In recent years, research into depression has honed in on treatments that fiddle with glutamate, a chemical in the brain that’s tied to neurological problems. The next step: Screening a patient’s blood for a certain protein that’ll indicate whether that patient is likely to respond to that type of treatment. Here’s what lead researcher Dr. Ebrahim Haroon of Emory University in Atlanta said about the findings, published Tuesday morning in Molecular Psychiatry.
What’s the problem with the generalized approach to treating depression that’s used now?
Patients get prescribed a certain medication, but it’s based on poor guidelines because no one knows who will respond to what. It’s very much trial and error with prescriptions, and trial and error takes time. But during that time, a lot of bad things can happen.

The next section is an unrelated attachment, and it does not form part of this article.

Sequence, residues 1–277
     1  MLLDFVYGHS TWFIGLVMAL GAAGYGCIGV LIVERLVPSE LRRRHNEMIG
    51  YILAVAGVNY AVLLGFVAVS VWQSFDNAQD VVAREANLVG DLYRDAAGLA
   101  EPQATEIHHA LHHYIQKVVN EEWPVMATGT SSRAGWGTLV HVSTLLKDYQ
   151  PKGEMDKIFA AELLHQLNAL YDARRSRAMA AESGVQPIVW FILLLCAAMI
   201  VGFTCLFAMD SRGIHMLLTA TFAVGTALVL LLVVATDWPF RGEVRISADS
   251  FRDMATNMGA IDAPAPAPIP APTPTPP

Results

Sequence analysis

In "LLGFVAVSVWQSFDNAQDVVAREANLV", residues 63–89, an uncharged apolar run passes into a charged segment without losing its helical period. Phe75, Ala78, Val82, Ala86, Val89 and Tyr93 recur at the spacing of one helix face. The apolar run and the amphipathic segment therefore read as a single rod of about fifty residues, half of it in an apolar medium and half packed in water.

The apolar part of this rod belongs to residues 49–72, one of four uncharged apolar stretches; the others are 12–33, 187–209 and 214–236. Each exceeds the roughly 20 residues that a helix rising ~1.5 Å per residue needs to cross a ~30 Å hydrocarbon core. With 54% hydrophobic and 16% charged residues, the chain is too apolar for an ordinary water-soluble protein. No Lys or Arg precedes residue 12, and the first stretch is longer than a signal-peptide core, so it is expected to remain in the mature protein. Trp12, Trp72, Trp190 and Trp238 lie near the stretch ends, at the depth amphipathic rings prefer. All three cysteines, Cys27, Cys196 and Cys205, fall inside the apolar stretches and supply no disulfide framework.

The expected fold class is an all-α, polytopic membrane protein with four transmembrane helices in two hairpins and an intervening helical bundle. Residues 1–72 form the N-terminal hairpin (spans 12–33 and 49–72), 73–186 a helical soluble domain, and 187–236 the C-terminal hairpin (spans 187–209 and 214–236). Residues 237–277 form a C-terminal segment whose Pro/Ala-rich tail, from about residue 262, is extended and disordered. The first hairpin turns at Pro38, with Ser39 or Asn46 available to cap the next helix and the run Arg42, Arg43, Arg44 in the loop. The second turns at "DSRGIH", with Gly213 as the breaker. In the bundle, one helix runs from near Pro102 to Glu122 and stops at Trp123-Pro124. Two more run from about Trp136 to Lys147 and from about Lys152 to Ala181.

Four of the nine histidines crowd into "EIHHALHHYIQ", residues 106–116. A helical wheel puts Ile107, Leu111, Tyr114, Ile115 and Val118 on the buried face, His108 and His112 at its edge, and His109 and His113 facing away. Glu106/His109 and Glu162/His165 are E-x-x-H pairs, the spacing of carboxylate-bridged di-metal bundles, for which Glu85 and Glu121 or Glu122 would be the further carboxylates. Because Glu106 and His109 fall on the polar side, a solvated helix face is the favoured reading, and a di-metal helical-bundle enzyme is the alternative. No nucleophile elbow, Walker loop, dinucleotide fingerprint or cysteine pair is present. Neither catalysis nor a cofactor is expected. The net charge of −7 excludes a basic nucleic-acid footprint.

And what did your study pinpoint that might help better determine which treatments will work on which patients?
Our study found that high levels of, or increases in, a certain protein in the blood of patients with depression may increase amounts of a chemical called glutamate in the brain. Glutamate is a neurotransmitter, and at a healthy level, it facilitates communication between neurons. There are some medications that block glutamate, and they have antidepressant effects. So we can look at levels of that protein in the blood of patients to see if they will respond to treatments that block glutamate activity.